Phil Gowan is the owner of the photo of Edith Evans in question and plans to publish it and others in a biographical book in the not too distant future.
He went to extraordinary lengths to find it several years ago and it was thought to be the only one that existed. More recently, though, he found the motherlode of Evans family photos and now owns the originals and also has a painting of her done for her mother on her 15th birthday. As Grant has pointed out,that would have been 116 years ago. I've seen scans of the painting and a photo of her at 15 that is very similar to the painting. And I've seen the original of her at the approximate age of 34. It is stunning. She was a classy woman. You'll be able to see the painting next year for sure as it is going to be published in one of the Titanic quarterlies but I can't remember which one.
I doubt that Phil will even see these most recent postings ... but I've seen two of the pictures of Edith Evans as well as the painting done of her at age 15, and when they are published you will not be disappointed.
How wonderful. Thank you so much for posting that article, Michael. It is fantastic to lay eyes upon the elusive Miss Evans at last. The article concerning the endowment of the church organ by the Evans sisters can be found in the archives of The New York Times. I stumbled across the full text during my own internet meanderings last year but foolishly neglected to take the date and page references.
Re-reading Archibald Gracie's very lucid account, it is clear that he did not in fact know Edith personally before the voyage, and was only introduced to her by the Lamson sisters when the ship was sinking. I don't have my copy of Gracie's text in front of me as I type this - but I recall quite clearly that he states that he missed Edith's name upon their initial meeting and had to ask her to repeat it to him at a very late stage, when the situation on the sloping Boat Deck was becoming increasingly precarious. So, however Edith was spending her time between 10th-14th April, her activities did not bring her into contact with this most gregarious of men.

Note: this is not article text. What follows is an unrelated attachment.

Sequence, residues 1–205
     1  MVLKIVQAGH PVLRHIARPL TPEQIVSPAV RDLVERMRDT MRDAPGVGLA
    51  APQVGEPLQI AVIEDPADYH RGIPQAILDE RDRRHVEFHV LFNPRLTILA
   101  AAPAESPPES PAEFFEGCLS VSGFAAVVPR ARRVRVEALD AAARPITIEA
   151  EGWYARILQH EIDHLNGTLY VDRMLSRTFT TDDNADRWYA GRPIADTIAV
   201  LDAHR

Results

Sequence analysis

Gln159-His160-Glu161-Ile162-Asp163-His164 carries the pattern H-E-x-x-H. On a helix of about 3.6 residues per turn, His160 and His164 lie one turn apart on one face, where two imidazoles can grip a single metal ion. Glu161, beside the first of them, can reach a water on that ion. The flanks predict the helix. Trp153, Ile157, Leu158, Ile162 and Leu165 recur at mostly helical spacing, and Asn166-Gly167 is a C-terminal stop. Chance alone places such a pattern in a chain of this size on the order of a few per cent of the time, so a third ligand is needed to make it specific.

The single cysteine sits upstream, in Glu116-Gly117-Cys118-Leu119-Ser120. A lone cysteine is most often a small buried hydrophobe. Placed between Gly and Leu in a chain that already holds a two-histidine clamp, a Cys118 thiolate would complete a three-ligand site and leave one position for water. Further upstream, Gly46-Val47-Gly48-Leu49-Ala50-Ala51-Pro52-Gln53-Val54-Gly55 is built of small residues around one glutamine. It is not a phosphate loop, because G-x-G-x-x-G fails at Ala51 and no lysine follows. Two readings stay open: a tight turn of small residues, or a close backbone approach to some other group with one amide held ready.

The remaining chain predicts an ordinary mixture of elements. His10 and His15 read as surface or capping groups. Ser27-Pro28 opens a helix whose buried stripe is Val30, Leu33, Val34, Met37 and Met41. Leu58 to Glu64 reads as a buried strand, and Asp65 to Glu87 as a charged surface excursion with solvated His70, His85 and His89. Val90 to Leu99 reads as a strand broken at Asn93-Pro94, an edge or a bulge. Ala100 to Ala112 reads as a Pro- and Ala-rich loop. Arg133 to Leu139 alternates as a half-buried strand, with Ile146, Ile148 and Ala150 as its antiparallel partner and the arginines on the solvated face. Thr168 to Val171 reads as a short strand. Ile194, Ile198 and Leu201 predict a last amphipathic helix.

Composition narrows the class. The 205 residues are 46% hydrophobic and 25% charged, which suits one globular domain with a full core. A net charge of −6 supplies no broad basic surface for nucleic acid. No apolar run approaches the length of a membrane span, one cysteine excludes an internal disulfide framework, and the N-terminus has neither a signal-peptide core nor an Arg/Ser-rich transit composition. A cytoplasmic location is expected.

There has been endless speculation on this forum as to why Edith did not enter Collapsible D with Mrs Brown. It has been posited that she may have worn a modish and restrictive hobble-skirt which prevented her from negotiating the gap between deck and boat. This is certainly a possibility. However, I've come to believe that, without any active intent on the part of the men in charge of the loading process, and in their haste to get the collapsible safely away, Edith's presence in the waiting throng was simply and conveniently 'overlooked' - understandable, given that the Titanic was about to founder, but not a fact to be easily reconciled with the myths of selfless male gallantry perpetuated that night (only think of Steffanson and Woolner leaping into two empty spaces a matter of seconds later!)
I am so glad you enjoyed the article and the portrait. Yes, it was nice to see her in print for the first time. I always felt Lightoller was being less than honest when Gracie supposedly questioned him. What did become of those other women that from Gracie's account, followed Mrs. Brown and Miss Evans to the boat. No doubt they would have been behind the two all the way. One would think they were all left behind and told to wait for collapsible B.
Yes, that seems very likely to me too, Michael. Who knows - maybe Bess Allison, and little Lorraine, were somewhere in that throng around Collapsible B?
Whilst I realise that Lightoller and his team had more than a little on their plates by 2.10, I've never been convinced by their apparent inability to shed light on Edith Evans' failure to enter Collapsible D. Either she tried to board or she didn't. Hobble-skirt or no hobble-skirt, if she was indeed showing willing, then surely somebody could have given her a handy shove, such as landed Molly Brown in Lifeboat No. 6 an hour or so earlier?
Based on the evidence, and my own understanding of human nature, I've concluded that Edith was simply pushed back - by an increasingly panicky somebody - when she tried to follow her companion to safety.
I am so glad you enjoyed the article. It was nice to finally see her face in print for the first time after all these years. Yes, I am still pondering those other women that supposedly followed Mrs. Brown and Miss Evans. If that is true- then Miss Evans was not the only woman left on deck.
Update: our regular address http://titanicinternationalsociety.org/
is now active with the new easy-to-read and more versatile format and this article is accessible now at that link as well. VOYAGE feature articles and interviews will appear about every month and an update on what is coming out in the next edition.